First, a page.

Book Review—The Remains Of The Day By Kazuo Ishigoru

“Today’s world is too foul a place for fine and noble instincts.” ~ Kazuo Ishigoru in ‘The Remains Of The Day’

Few years ago, I was under the impression that almost all individuals want to be engaged in a meaningful job. If not everyone, at least those who had received good education.

The only exception I knew was my friend K. He was ready to do anything for money. Or, let’s say, any legal job for money. But, over the years my ‘assumption’ has taken several beatings. I have realised that a large majority of people in this country are like my friend K. They are not concerned about the impact of their job or the meaning of ‘gainful employment’.

All these thoughts resurfaced when I started reading the book The Remains of The Day by Kazuo Ishigoru. I had read one of his books before he won the Nobel prize (The Artist of the Floating World). The Remains of The Day did not have the tension or moral conflict that I noticed in previous Ishigoru book I had read . But it has its own charm.

The Story

The book talks about the life of a butler, Mr Stevens who works at the ‘Darlington Hall’. The entire tale is narrated in first person by Stevens. The hall was previously owned by an influential diplomat, Lord Darlington. But it had been taken over by a wealthy American, Mr Farraday, after Lord Darlington’s demise.

Stevens is an old school butler. He is an old school guy in every imaginable way. He is attached to ideas of ‘dignity’ and British way of life. So, he is unable to absorb the changes after his new American master takes over the reigns of Darlington Hall. Stevens reluctantly agrees to take a vacation and drive across the country, hoping that this break will enable him to loosen up and win the approval of his new master.

The story rests on four important relationships in Stevens’ life: one that he had with his father, also a butler; one with his old master, Lord Darlington; one with his new master, Mr Farraday; and one with his ex- colleague, Miss Kenton.

Relationship #1: It is quite obvious that Stevens sees his father as his role model. Stevens senior is one of the finest examples of a professional butler in the opinion of the narrator.

Relationship #2: Stevens is proud to serve Lord Darlington, as he believes that his master has the ability to influence the course of history in Europe. Lord Darlington, in the opinion of his butler, works hard to ensure justice and peace in the world.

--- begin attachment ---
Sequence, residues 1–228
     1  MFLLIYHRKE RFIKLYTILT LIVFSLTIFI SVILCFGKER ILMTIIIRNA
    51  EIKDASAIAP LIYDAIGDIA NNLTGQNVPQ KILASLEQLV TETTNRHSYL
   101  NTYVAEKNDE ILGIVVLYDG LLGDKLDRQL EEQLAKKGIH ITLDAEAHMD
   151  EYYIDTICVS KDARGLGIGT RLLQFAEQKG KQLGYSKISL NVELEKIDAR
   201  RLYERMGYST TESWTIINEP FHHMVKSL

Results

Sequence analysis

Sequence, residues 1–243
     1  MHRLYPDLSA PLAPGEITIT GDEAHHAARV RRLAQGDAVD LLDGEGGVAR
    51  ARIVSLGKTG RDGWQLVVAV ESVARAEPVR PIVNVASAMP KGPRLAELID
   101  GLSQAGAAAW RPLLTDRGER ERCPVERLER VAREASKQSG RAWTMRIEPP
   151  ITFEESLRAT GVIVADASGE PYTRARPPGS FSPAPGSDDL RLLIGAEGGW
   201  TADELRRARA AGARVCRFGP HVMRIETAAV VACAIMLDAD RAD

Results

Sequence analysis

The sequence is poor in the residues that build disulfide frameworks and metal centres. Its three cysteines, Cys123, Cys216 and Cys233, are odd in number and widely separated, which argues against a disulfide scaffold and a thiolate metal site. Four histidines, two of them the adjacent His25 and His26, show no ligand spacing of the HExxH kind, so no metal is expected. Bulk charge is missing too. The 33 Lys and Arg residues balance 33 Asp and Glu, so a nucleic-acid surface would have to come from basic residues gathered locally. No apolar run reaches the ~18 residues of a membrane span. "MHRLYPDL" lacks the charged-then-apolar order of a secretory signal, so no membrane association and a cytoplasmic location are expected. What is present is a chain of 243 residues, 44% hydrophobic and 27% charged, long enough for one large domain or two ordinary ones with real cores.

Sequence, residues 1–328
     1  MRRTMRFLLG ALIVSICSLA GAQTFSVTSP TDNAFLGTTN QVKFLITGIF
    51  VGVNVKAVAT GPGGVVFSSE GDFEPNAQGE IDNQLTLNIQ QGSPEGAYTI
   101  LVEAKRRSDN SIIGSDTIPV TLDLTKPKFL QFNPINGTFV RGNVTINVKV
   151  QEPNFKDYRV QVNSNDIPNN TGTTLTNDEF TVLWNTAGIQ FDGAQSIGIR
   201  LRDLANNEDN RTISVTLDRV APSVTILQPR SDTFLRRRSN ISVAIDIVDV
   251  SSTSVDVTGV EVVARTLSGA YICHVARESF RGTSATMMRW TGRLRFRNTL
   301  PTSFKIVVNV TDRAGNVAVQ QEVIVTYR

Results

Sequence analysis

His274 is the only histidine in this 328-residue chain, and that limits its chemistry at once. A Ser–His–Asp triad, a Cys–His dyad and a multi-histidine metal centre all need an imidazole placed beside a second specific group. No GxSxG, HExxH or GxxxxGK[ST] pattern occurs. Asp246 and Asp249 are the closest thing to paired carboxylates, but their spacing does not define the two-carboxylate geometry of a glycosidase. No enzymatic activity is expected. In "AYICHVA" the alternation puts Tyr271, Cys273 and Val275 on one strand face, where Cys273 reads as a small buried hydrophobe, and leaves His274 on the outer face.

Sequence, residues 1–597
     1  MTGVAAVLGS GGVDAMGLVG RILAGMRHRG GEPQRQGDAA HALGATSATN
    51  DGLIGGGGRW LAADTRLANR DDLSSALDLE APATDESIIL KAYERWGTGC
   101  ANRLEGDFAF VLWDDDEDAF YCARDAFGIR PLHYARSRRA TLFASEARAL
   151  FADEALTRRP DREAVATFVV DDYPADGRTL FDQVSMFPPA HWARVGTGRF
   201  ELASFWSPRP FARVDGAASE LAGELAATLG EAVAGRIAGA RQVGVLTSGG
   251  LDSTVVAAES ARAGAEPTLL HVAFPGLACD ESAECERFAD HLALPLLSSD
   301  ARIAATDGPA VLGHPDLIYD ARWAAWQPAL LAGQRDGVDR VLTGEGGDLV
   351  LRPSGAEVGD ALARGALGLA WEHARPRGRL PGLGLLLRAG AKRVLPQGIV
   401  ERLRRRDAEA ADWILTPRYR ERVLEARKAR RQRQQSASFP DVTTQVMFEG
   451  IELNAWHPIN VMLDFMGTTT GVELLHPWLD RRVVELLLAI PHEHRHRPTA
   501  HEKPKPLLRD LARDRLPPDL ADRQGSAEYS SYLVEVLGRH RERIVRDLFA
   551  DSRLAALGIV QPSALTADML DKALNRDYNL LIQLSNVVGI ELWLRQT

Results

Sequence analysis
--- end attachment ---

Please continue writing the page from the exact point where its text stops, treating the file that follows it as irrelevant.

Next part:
Relationship #3: Stevens has not understood the ways of his new American master. So, he doesn’t enjoy his profession under Mr Farraday as much as he did during the times of Lord Darlington.

Relationship #4: Stevens has always maintained a very professional relationship with Miss Kenton. He plans to hire his ex-colleague again to manage staff shortage after Mr Farraday has moved in. But eventually , we realise that there is something more than meets the eye between these two characters. In fact, this relationship carries all the ‘spice’ in this novel.

The narrative in the book keeps shifting from one relationship to the other seamlessly. It could dampen the spirits of the reader if he or she seeks an exciting story with sudden twists and turns. But, if you are willing to probe the life of Stevens, a mere butler in 20th century Britain, you in for a literary treat.

Literary Value of The Book

The Remains of The Day is set in the years between the first and second world war. It touches upon issues related to European politics of the period. Hitler and Neville Chamberlain are mentioned in the book! The author, through his characters, subtly claims that the British diplomacy had been hoodwinked by Hitler in the run-up to second world war.

The author hints at the deficiencies of democracy in a subtle manner. One of the visitors at Darlington Hall, Mr Spencer, questions Stevens on important economic and political issues and demonstrates that the average citizen is unable to comprehend them. Mr Spencer goes on to say:

“And yet we still persist with the notion that this nation’s decisions be left in the hands of our good man here (Mr Stevens) and to the few million others like him. Is it any wonder, saddled as we are with our present parliamentary system, that we are unable to find any solution to our many difficulties? Why, you may as well ask a committee of the mothers’ union to organise a war campaign.”

One can also say that the character , Mr Stevens could be a mascot for someone who wants to understand the essence of the phrase ‘dignity of labour’. He could also be a comical case study for those who want to understand the Gervais Principle. As a reader I stand somewhere in between. I admire some aspects of Stevens’ personality, but I would definitely not subscribe to his ideology.

Stevens is also a warning for people who take their professions way too seriously. We must not forget human emotions while doing our jobs. Otherwise, we might regret our approach towards life in the long run. I must confess that this realisation is quite important for me.

The Remains of The Day is a book meant for the contemplative reader who is interested to explore a wide variety of human emotions and attitudes. It is a book that rewards a patient and observant reader. It may not titillate the readers’ senses, but it definitely challenges the reader’s beliefs and attitude towards less glamorous professions. I shall leave you with this quote.

“What is the point of worrying oneself too much about what one could or could not have done to control the course one’s life took? Surely it is enough that the likes of you and I at least try to make our small contribution count for something true and worthy. And if some of us are prepared to sacrifice much in life in order to pursue such aspirations, surely that in itself, whatever the outcome, cause for pride and contentment.” ~ Kazuo Ishigoru in ‘The Remains Of The Day’

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